Most companies have job descriptions for their employees but who thinks about creating a job description for their website? That needs to change. Your website has a job to do, just like any other employee you have.
Your website is working for your company 24/7, greeting and interacting with clients and potential clients even when your other employees are out of the office or home in bed at night. So doesn’t it make sense to think about, specify and measure, the job your website should be doing for you?
Start by thinking about the function employees serve, namely to either help you increase revenues or decrease costs. Your website should be doing the same. You also need measurements to see if its meeting expectations, just as you would for any employee.
On the cost side, your site can help cut operating costs by, for example, having information available online that people in the past had to call your office to obtain.
Allowing people to search for the information online frees up employee time for more productive endeavors. Your site also can serve as the hub for community discussion which can answer visitor questions for you, again freeing valuable time for more productive undertakings.
On the revenue side, content marketing can help attract new prospects and convert them into customers. Your website definitely has a job to do, namely, lead generation.
So sit down and create SMART goals for your site, as in goals that are specific, measurable, attainable, relevant and time-bound.
A specific goal may be getting 1,000 new visitors a month to your site and having 2% of them convert to become new customers. That’s definitely specific, its relevant to generating income, its measurable and, if you know what your past conversion rate is, its likely doable as well. It also has a time element, one month.
It sounds like basic blocking and tackling doesn’t it? But often the measurement part of the equation is left out and so companies don’t really know if their sites are functioning as they want them to. Don’t make that mistake when you’re designing or relaunching a website. Include and regularly review measurement criteria.
Some might not want to spend the money of measurement, or on subsequent site improvements once measurement shows you what’s working and what’s not. But think of it this way, did you ever think about not decorating the entrance to your office? No, you spend money there because it gives a first impression of your company to visitors who come to see you.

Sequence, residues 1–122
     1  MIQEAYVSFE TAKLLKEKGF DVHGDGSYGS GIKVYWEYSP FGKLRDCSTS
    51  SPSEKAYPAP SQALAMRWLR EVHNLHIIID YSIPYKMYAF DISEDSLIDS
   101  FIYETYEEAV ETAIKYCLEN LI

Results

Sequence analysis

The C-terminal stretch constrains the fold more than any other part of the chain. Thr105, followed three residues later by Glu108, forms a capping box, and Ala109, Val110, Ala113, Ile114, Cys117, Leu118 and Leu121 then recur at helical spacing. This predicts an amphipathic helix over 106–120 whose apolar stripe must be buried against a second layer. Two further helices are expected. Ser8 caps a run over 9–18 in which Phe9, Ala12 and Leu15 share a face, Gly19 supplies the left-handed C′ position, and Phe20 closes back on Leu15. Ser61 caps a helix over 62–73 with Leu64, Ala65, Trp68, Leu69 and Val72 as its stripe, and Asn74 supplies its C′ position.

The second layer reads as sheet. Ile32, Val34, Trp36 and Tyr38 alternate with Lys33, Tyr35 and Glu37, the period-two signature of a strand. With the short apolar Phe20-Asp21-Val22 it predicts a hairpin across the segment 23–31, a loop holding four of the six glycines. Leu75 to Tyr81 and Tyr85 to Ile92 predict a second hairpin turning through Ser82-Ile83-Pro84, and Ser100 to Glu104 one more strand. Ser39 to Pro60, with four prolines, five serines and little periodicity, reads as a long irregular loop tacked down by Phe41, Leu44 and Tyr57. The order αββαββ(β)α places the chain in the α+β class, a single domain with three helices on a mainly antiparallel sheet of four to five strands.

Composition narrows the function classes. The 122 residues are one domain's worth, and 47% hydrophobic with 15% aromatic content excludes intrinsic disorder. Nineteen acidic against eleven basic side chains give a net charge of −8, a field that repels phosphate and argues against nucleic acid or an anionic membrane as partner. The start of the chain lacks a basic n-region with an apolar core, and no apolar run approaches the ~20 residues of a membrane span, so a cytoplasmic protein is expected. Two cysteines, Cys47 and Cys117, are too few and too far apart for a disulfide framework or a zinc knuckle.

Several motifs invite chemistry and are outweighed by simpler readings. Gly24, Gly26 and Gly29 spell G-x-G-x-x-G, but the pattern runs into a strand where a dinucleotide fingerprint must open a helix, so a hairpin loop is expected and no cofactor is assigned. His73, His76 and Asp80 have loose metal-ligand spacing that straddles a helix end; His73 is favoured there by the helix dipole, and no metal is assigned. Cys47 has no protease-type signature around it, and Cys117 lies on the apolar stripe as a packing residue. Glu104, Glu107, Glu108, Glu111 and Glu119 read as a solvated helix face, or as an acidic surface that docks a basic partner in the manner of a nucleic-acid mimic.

Doesn’t your website serve the same function, multiplied by the many more people who will get a first impression of you there as opposed to the number that walk into your office?
Let’s look at an example of how one Duo Consulting client, packaging maker Nosco, created a website that has generated more traffic and increased visitor engagement compared to the sites it had previously.
The Gurnee, IL.-based company in the past had four different websites, one for each of the vertical segments it serves. Combining them into one new site allowed the company to tailor its new home page more efficiently and avoid previous duplication of information.
Its old sites had been simply information boards, explains Heather Hill, director of marketing. The new site includes numerous calls to action, something the old sites also did not have, she explains.
“We’ve made it a two-way street of communications, before we were just pushing information,” Hill says.
As a result, “It has certainly increased our traffic since we launched in June .” Traffic initially was 80% higher than previous year levels. It’s now roughly 40% over previous year levels, and Nosco has hired a dedicated person to generate and manage content to continually attract more visitors to the site.
What Nosco has done successfully is to align relevant content by vertical market which makes it easier for visitors to find the information that applies to their particular area. It gets what its website’s job is and has it doing that. It’s time for you to do the same for your company website.